A content audit, in online marketing terms, is a complete analysis of a website’s content in relation to the owner’s goals so that you can make an assessment and executable plan in regards to what needs to be changed, removed, redirected, or updated on that site. A content audit is beneficial whenever you’re taking the reigns on someone else’s site for the first time, or alternatively it can be helpful to perform on your own site if you have never done it before and you have a content site made up of lots of pages. Let’s talk about what is a content audit now.
What is a Content Audit
Check out my new guide on how to do a web content audit for a full walk-through of the most efficient way of going about doing this.
Cleans up Broken Links and Dead Pages
This one is pretty straightforward, but you don’t want any broken links or dead pages on your site. This hurts your ranking and annoys your visitors, so ensuring everything is in working order is a good place to start. It’s not just making sure your links are working, but you want to make sure that your links are worthwhile, so you might want to use this as an opportunity to clean up your outgoing link profile.
Updates Outdated or Irrelevant Content
Sometimes you’ll find pages which plain and simple don’t fit in with your website’s mission or focus anymore and you may just decide to gut them or do a redirect to something relevant but more current which you have switched your sights to.
Content audits aren’t just about orphaned pages or pages coming up in error, but about assessing each page’s value to the overall site/brand/mission. If you have an informative website based in a niche which is constantly evolving like SEO, you might need to go back every year or so and update a few pages of content here or there so that they are current and relevant.
This is important especially of a page is ranking well for its search terms. If someone is finding your site through an outdated but well ranking page on your site, that’s traffic going to waste which could have been converted into a customer if that person had actually found what they were looking for on your site.
Ensures Your Content is More User Friendly
Your content should be as clear as possible. This is especially true with government based websites which actually legally are required to employ plain speak, or conveying everything in the most simple of terms. When you’re doing your content audit, you may find that you can make a great deal of your content more user friendly, particularly if it were written by someone else in the past.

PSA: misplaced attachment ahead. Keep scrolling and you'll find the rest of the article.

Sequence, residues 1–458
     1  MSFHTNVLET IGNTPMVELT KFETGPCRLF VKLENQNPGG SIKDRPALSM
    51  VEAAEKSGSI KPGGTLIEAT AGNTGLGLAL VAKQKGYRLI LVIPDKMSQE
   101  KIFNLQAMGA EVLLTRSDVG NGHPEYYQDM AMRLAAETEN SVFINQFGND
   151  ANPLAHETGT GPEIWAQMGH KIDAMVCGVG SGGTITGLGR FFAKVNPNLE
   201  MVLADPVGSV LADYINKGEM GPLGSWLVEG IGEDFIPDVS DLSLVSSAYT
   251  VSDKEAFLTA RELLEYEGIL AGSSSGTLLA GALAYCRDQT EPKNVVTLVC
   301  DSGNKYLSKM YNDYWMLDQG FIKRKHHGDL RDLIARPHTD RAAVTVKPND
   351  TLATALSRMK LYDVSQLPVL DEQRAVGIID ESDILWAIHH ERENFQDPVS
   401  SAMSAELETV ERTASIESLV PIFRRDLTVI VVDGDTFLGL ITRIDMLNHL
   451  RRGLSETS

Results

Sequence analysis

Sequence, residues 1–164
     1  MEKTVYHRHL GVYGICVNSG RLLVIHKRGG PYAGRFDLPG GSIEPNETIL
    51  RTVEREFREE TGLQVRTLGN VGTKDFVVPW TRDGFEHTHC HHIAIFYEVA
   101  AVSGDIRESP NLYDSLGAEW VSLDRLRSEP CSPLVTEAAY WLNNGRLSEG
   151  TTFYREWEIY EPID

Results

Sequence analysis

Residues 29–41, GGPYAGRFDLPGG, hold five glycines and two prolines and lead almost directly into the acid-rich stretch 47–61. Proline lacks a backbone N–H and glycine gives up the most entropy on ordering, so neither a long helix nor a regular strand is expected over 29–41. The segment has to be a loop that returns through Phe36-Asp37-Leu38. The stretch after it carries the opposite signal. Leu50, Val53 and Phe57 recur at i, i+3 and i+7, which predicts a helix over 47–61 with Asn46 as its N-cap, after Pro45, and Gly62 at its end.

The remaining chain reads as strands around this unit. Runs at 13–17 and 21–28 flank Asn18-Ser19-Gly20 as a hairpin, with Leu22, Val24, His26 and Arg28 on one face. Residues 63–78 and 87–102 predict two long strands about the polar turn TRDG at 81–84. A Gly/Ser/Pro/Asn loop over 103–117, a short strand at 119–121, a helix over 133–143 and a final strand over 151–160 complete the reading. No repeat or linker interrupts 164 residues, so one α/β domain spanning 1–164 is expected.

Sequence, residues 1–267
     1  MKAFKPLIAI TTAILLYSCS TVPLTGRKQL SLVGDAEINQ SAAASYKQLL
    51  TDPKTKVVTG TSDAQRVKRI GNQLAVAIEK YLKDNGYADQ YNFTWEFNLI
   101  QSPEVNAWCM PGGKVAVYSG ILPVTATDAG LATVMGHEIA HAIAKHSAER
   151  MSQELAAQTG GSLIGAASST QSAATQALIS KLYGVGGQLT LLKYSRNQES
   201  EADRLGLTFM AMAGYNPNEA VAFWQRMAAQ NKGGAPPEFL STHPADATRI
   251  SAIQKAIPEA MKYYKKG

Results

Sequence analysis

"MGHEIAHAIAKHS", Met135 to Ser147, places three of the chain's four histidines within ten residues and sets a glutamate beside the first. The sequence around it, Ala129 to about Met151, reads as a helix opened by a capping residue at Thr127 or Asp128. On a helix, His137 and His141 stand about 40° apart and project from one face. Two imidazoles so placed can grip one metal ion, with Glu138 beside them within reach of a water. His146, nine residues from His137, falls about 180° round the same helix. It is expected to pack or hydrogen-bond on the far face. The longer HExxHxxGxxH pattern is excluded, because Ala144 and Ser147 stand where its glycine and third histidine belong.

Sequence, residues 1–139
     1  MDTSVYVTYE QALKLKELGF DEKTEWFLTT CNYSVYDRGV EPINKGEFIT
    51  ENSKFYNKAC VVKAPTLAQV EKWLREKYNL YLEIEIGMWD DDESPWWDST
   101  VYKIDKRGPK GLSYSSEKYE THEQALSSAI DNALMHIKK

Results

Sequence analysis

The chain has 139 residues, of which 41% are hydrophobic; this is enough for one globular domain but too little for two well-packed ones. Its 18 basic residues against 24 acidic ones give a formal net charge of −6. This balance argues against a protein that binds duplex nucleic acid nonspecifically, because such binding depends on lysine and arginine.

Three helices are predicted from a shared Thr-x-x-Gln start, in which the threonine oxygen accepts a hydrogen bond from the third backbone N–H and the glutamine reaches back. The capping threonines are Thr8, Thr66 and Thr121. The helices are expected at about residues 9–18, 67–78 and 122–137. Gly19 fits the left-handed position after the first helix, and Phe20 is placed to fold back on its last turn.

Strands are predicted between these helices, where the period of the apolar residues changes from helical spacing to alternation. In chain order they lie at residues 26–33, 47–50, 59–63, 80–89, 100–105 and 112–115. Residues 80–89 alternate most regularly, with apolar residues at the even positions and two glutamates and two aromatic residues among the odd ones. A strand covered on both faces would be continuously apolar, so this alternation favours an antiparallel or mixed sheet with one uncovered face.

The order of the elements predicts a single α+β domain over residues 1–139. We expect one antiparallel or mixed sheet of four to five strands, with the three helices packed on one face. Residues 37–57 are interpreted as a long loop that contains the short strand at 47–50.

Ensures Your Content is More Search Engine Friendly
This is another important reason to perform a web content audit, especially if you didn’t create the content which you’re inheriting. Every page or post on your website should be optimized for the search engines. This includes both ensuring that every page is based around a keyword as well as making sure that each of those keywords are represented in the title and meta description/tags for their corresponding pages, as well. Hopefully you know how to do that by now after spending some time on this site.
Ensures Your Site is Fully Navigational for Your Visitors
This one is pretty obvious, but you want to make sure that every page can be reached without too much effort. A search bar helps sift through hundreds of pages of content, and a good menu/category hierarchy helps organize your content in an intuitive way so people can find what they’re looking for.
Removes “Orphaned” Pages
For large sites, you could have hundreds or even (terrifyingly) thousands of pages of content which could date back years and years. Some of these older pages might not even be of the same format as the rest of your content. For instance, most websites operate using content management systems as they make creating, editing, and uploading content decidedly easy and on demand. Examples of a CMS would be WordPress or Drupal.
If the website was migrated from standard HTML format years ago, all of that old content may not have been migrated properly with the new format. This means you could still have orphaned HTML pages of useful content which are potentially ranking in the search engines but don’t fit with or connect with the rest of your site. If someone performs a content audit on your site, they would recognize these orphaned pages and migrate them to a new page.
The best way to do this would be to create a page with the same content in the CMS, then create a 301 permanent redirect from the old HTML page to the new page. This passes on the link juice that the original link was enjoying to the new page on your site, thus anyone going to that old page will be sent to the new page which should have the same content but it will be a part of the new site.
Whether you’re cutting the fat or just trying to deliver a better product to your site’s visitors, it’s good to perform a content audit every so often, dependent upon how many changes your site or niche has gone through since you last performed one.